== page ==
16 Crazy Facts About The Kidnapping of Patty Hearst

16 Crazy Facts About The Kidnapping of Patty Hearst

By Trista
16 Crazy Facts About The Kidnapping of Patty Hearst

Every so often, a crime occurs that shocks the nation. In the 1970s, that crime, or rather, a string of crimes, revolved around Patty Hearst, a California princess who was born into luxury but was kidnapped by a terrorist organization when she was only 19 years old. She went on a national crime spree that included at least three armed bank robberies and one parking lot shootout. She went from being the pity of the nation to the top of the most wanted list.

At a time when conditions such as Stockholm syndrome and brainwashing weren’t recognized, Patty was considered a common criminal and wholly liable for her acts. Her trial would have been considered a farce by today’s standards, and she was convicted for all of the crimes that she had participated in while under the duress of having been kidnapped. She was finally exonerated and became an activist for people living with AIDS. Today, her name is almost synonymous with forensic psychology and Stockholm syndrome, a condition in which kidnapping victims sympathize with their captors.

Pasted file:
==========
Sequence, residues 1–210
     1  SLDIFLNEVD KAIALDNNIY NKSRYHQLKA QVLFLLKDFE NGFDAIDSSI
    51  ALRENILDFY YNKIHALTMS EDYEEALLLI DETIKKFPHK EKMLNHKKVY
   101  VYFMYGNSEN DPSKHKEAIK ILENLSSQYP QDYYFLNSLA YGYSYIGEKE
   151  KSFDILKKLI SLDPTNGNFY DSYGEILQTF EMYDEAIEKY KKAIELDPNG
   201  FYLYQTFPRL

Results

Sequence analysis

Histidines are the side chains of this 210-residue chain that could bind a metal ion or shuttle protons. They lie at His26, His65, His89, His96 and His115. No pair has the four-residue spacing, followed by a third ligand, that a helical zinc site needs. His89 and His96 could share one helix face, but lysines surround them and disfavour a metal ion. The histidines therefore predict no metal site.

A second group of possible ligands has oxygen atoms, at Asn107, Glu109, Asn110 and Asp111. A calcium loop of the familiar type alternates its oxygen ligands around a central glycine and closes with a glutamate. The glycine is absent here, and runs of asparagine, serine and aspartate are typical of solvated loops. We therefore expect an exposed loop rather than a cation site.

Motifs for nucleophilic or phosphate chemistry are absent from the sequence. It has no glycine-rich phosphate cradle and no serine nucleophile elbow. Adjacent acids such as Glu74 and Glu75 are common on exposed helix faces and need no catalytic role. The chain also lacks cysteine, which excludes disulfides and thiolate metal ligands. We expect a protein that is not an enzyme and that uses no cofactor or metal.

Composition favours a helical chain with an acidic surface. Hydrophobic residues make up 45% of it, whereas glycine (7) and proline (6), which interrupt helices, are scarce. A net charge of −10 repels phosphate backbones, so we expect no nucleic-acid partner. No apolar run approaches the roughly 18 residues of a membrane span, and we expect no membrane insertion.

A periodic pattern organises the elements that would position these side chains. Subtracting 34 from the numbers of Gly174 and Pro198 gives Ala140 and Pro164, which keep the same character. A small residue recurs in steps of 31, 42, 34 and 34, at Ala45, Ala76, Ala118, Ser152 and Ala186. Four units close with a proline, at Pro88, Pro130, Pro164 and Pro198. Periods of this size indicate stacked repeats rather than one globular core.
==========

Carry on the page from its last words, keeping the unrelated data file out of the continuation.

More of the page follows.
William Randolph Hearst, American newspaper mogul and father of Patty Hearst. James E. Purdy – United States Library of Congress’s Prints and Photographs division under the digital ID cph.3a49373/ Wikimedia Commons/ Public Domain.

16. Patty Hearst was the daughter of William Randolph Hearst

Patty Hearst was born into one of the most influential families in the United States of America. Her great-grandmother was Phoebe Hearst, a renowned philanthropist. Her grandfather was William Randolph Hearst, the newspaper magnate who built Hearst Communications, which would become the largest newspaper and movie-reel business in the world. He owned upwards of 30 major newspapers, including The New York Times and The San Francisco Examiner. Patty’s father, Randolph Hearst, became chairman of the company, which came to be known as the Hearst Board. He managed many of the newspapers that his father had acquired until he retired in 1996.

The Hearst family enjoyed prestige both financially and politically. Patty was born into a life of privilege and grew up in a prestigious area of San Francisco. She attended private schools and attended Menlo College before transferring to The University of California, Berkeley. As her father was one of many heirs to the Hearst fortune, her parents didn’t see any need to take any particular security precautions with any of their children. Though a wealthy heiress, Patty enjoyed a relatively normal life as a typical college student in California. All of that changed when she was kidnapped, and her story would make national headlines for years to come.